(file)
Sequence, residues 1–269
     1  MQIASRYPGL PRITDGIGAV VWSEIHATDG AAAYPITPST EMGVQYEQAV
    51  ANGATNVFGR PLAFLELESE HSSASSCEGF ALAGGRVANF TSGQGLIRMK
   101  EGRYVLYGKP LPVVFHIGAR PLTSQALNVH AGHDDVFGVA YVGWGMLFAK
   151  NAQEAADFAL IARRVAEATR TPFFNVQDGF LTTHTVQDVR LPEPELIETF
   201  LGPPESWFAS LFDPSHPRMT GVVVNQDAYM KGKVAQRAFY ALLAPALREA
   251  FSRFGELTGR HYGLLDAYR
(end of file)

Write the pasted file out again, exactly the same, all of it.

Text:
Sequence, residues 1–269
     1  MQIASRYPGL PRITDGIGAV VWSEIHATDG AAAYPITPST EMGVQYEQAV
    51  ANGATNVFGR PLAFLELESE HSSASSCEGF ALAGGRVANF TSGQGLIRMK
   101  EGRYVLYGKP LPVVFHIGAR PLTSQALNVH AGHDDVFGVA YVGWGMLFAK
   151  NAQEAADFAL IARRVAEATR TPFFNVQDGF LTTHTVQDVR LPEPELIETF
   201  LGPPESWFAS LFDPSHPRMT GVVVNQDAYM KGKVAQRAFY ALLAPALREA
   251  FSRFGELTGR HYGLLDAYR